The Proven Prospecting System to Ramp Up Your Sales Career
For over a decade, Bill Good's guide to increasing new business by finding the right prospective customers has been an invaluable resource to people in every imaginable profession involving selling. Now completely revised and updated to include lessons on how email, fax machines, and the Internet can be incorporated into an effective prospecting and selling campaign, it is the most valuable tool a salesperson can own.
Anyone who does any prospecting or selling by phone -- from securities, insurance, and real estate to fund-raising -- knows the frustrations and rejections inherent in "cold calling." Many people come to fear it. But why should this be so? Certainly there are people out there who need and want the product you're selling. If only you could more efficiently generate a list of just those people, weed out the hopeless cases, and launch a simple and highly effective campaign to win them to your side. Prospecting Your Way to Sales Success shows you how to do just that. Bill Good draws on all he's learned from a long, successful career teaching companies and individual entrepreneurs how to create successful prospecting campaigns. He jettisons the stale, old-school, don't-believe-a-customer-who-says-no philosophy for a plan of attack that finds good prospects while quickly screening out unqualified, uninterested customers. From the first contact to the final close, Bill Good will help you design a complete, customized prospecting campaign.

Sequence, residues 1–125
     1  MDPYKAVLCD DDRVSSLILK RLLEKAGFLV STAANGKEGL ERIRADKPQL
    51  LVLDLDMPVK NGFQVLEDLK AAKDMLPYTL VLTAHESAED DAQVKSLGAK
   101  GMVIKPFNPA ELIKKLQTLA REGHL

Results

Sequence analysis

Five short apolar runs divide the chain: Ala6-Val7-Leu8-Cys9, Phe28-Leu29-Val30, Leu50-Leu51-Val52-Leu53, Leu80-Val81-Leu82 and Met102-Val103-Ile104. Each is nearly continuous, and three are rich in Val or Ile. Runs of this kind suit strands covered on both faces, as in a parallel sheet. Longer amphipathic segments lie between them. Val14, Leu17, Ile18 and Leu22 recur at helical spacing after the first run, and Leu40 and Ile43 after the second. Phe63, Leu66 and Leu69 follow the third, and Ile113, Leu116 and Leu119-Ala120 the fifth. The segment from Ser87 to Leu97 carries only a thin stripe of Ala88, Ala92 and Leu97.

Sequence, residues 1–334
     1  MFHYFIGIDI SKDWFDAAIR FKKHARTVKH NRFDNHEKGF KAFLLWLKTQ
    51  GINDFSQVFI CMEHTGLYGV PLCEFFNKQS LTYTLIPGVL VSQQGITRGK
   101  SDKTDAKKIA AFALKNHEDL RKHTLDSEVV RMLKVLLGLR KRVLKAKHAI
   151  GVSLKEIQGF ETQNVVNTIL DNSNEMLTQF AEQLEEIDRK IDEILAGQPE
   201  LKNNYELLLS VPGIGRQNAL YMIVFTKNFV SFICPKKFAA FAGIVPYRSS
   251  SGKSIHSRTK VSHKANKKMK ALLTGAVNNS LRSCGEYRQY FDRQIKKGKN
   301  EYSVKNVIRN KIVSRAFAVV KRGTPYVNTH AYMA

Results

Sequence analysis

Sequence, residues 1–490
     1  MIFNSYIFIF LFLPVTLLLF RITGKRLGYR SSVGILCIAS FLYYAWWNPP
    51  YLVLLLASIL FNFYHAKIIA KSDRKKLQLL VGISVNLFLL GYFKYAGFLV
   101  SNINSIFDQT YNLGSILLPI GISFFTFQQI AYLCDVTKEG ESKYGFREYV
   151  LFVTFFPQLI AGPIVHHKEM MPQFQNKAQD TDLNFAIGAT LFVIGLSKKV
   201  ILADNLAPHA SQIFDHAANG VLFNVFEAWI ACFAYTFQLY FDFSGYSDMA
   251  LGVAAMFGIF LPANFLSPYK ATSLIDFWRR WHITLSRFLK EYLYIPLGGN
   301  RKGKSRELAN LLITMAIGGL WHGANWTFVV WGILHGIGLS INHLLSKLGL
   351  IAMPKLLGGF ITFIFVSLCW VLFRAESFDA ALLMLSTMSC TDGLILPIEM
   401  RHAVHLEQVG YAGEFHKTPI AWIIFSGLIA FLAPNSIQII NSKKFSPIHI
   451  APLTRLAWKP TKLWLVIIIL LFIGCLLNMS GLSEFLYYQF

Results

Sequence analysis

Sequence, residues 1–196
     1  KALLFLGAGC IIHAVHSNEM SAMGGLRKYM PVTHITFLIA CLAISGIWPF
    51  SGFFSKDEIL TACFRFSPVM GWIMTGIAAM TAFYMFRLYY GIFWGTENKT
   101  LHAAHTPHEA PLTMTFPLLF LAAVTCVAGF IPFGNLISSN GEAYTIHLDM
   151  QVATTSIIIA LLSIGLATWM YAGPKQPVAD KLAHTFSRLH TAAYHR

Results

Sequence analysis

In this new revised edition, bursting with fresh ideas for incorporating new media and new technologies into his proven campaign strategies, Bill Good has updated a classic and given salespeople everywhere a book they can't afford to live without.
Read an Excerpt
The Old School vs. the New School
"Don't throw good money after bad."
Bill Good, age nine
My family frequently went to dinner at the S&W Cafeteria in Greensboro, North Carolina. They had some kind of wishing well in the lobby. My brother Ed was throwing handfuls of coins in it. I said, "Ed, quit it! Don't throw good money after bad." As near as I can figure, some fellow who worked for an ad agency overheard my comment. He ran some kind of local ad with a picture of a kid throwing money in a wishing well and used my statement as a slogan. Whatever he was selling... see more